What to look for

Seek out leeks on the smaller side – one to two inches in stem diameter, three inches tops. Larger leeks are OK, but they tend to get woody and a bit tough. Leek greens should be a very dark green with no yellowing or wilted spots. The white stem should be very white and firm with no black, mushy or discolored areas.

Nutrition and effects on the body

Leeks are very high in vitamins A and K and are good sources of vitamin B6, folate, iron, calcium and manganese. They are also high in fiber and low in calories. Leeks are also a mild diuretic (there is even a “leek soup diet” that supposedly helps with weight loss) and are high in antioxidant polyphenols. Allium family members in general have been linked to improved cardiovascular health and are used as a remedy for inflammation.

What to Do with It

Like their Allium brethren, leeks are remarkably versatile in the kitchen. They have a mild
onion-y, sweet flavor that lend themselves to all sorts of dishes.

Cooking

Most recipes call for only the “white and light green parts” of the vegetable, but the dark green leaves can be saved to use in stock making (veggie, beef, chicken, etc.). Leek stems can be braised, grilled, roasted, fried (or “frizzled”), steamed, sautéed and used raw in salads – they are a lot less shocking to the palate than raw onions. Toss leeks into your favorite soups or stews in place of onions for a more delicate flavor. Leeks pair beautifully with dairy products (think butter, cream and cheese), and with eggs, chicken, potatoes, fish and the leeks’ Allium relatives (chives, garlic).

One of the most famous leek dishes – the chilled potato and leek soup vichyssoise, was invented in New York by a French chef. Another famous leek-based dish, the Scottish cock-a-leekie soup, is traditionally made with chicken, leeks and prunes. Leeks vinaigrette is another renowned dish highlighting the beauty and delicacy of the vegetable. And here is an interesting leek-and-matzo casserole for Passover that has Egyptian origins – fitting, given the leek’s history.

Pro tips

The thing about preparing leeks is that they are really dirty, with gritty bits of sand frequently hidden in the layers that make up the stems. They have to be cleaned very thoroughly. David Lebovitz has a good description of how to clean leeks, or here is a great video that shows two different techniques for cleaning the veggie.

Storage

Leeks will keep in your veggie drawer, wrapped in a paper towel, for at least a week. Don’t wash leeks before you refrigerate them, as this accelerates their decline.


Stretching your fresh food dollar though preservation

Here is a fun recipe for quick pickled leeks that will keep for up to two weeks in the fridge. You can also pickle leek scapes (the flower stalk of the leek). And here is a yummy-looking pear-and-leek lacto-fermented chutney! Leeks can also be frozen successfully – here’s a good tutorial with pictures.

Recipe

Jessie’s Creamed Leeks

I went to a dinner party a couple of years ago at my friend Jessie’s house (who incidentally used to work on the GRACE energy team). I can’t remember a single thing about the party (too much red wine, methinks) except the delicious creamed leeks she served as a side dish. I talked to Jessie the other day and she has no recollection of the leeks or the recipe, so I’ve done my best to recreate it here. They are fantastic served with steak, roasted chicken or as a bed for seared scallops, or even piled on top of toasted bread slices as a crostini topping. They would also be divine stirred into a frittata or scrambled eggs. There is quite a bit of butter in this recipe – for that reason, feel free to omit the cream. If you don’t have access to freshly ground nutmeg (i.e., nutmeg that you grate yourself), omit it. (Jarred nutmeg is just too overpowering for this delicate dish.) Chicken or vegetable stock (or broth) is your best bet, but I’ve successfully used water, too.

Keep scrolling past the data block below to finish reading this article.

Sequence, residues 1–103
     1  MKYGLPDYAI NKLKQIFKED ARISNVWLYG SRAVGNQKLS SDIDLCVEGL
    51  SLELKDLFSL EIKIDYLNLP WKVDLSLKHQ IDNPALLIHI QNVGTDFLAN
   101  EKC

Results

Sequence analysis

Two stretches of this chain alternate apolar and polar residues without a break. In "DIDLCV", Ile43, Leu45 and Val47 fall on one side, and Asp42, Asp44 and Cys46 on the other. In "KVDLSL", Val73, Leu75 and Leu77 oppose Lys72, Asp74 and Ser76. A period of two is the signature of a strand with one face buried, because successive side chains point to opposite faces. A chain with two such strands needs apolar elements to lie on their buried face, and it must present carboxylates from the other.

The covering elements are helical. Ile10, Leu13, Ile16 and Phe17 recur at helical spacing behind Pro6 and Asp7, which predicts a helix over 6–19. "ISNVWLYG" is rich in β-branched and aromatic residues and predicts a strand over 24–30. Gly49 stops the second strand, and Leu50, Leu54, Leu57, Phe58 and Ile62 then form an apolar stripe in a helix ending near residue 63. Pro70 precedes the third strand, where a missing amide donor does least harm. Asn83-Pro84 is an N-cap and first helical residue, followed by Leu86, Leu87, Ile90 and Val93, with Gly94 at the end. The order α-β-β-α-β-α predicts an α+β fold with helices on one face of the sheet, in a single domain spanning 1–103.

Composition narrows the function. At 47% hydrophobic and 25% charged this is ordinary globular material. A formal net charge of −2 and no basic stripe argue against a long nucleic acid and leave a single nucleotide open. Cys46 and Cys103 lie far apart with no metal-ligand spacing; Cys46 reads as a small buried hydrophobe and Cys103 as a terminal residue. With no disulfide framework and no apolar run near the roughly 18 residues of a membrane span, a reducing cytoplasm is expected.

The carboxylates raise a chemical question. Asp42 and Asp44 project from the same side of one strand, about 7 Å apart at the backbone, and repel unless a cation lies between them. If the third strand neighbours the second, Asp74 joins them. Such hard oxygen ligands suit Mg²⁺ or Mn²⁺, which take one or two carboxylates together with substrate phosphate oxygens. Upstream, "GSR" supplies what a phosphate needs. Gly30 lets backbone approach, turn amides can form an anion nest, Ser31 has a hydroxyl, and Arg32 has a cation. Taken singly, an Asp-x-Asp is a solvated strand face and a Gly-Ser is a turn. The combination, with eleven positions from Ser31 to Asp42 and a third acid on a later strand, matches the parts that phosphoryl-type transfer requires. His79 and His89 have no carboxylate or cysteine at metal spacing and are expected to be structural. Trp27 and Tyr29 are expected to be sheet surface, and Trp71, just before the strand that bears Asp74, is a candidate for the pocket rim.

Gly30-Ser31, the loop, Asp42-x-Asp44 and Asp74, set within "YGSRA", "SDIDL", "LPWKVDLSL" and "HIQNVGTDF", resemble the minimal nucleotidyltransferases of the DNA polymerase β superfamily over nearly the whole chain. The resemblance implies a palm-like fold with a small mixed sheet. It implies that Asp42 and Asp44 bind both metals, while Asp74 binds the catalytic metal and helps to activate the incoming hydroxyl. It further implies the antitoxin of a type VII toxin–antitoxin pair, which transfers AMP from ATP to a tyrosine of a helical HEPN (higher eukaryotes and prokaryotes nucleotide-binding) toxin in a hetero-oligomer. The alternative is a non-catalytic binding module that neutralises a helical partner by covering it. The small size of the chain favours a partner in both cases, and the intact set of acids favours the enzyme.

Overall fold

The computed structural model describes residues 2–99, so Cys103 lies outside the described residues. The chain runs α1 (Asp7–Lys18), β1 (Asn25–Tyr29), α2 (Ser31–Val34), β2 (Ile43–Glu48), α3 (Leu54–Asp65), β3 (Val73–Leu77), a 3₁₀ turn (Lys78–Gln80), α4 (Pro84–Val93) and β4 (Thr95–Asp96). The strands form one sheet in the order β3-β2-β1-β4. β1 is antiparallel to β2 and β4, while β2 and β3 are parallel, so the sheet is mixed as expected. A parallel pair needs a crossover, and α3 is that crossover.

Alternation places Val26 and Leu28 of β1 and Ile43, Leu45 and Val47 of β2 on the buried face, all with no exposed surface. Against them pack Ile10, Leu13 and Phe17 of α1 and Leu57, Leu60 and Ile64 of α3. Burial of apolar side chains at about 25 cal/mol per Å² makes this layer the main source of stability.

Ingredients:
3 tablespoons butter
1 tablespoon extra virgin olive oil
6 medium leeks (stems no more than 2 inches in diameter)
Kosher salt and freshly ground pepper
¼ ; cup low-sodium stock or broth or water
1 tablespoon heavy cream
Freshly grated nutmeg (optional, see introduction above)
Squeeze of lemon

Method:
1. Wash and trim the leeks (as described in the Pro Tip section, above), discarding (or reserving for stock) the dark green leaves. (You’ll only be using the white and light green portion of the leeks for this recipe.) Cut each leek stalk in half lengthwise, then cut the trimmed leeks into half-circles about ¼ ; inch thick.

3. In a large, heavy bottomed sauté pan set over medium heat, add the butter and the extra virgin olive oil. When the butter has just melted, add the leeks, a pinch of salt and a grinding of pepper and stir to coat. Reduce heat to low and sweat the leeks (this means cooking them over fairly low heat so they soften without browning), cooking and stirring for 7-8 minutes.

4. Add the stock or water, cover the pan, and continue cooking on low heat for another 20-25 minutes, or until all of the stock has been absorbed and the leeks are very, very tender. Meltingly tender.

5. Stir in the cream, a grating of fresh nutmeg (optional) and a tiny squeeze of lemon. Taste and correct for salt and pepper. Remove from heat and serve. 

(*Vegetable rule of thumb: We think that first and foremost, in terms of nutrition, people should eat lots of fruits and vegetables whether they are organic or not. The EWG’s guide is a handy list, but we will point out here that the impacts of pesticides are not limited to your ingestion of them – agricultural chemicals also affect farmworkers and local waterways, both good reasons to buy organic, even those vegetables that carry a light pesticide load. Also, it has been demonstrated that produce grown by small-scale farmers, even those who are not certified organic, tends to have a lighter pesticide load than its industrially-produced counterpart, owing to industry’s tendency toward large monocrops.)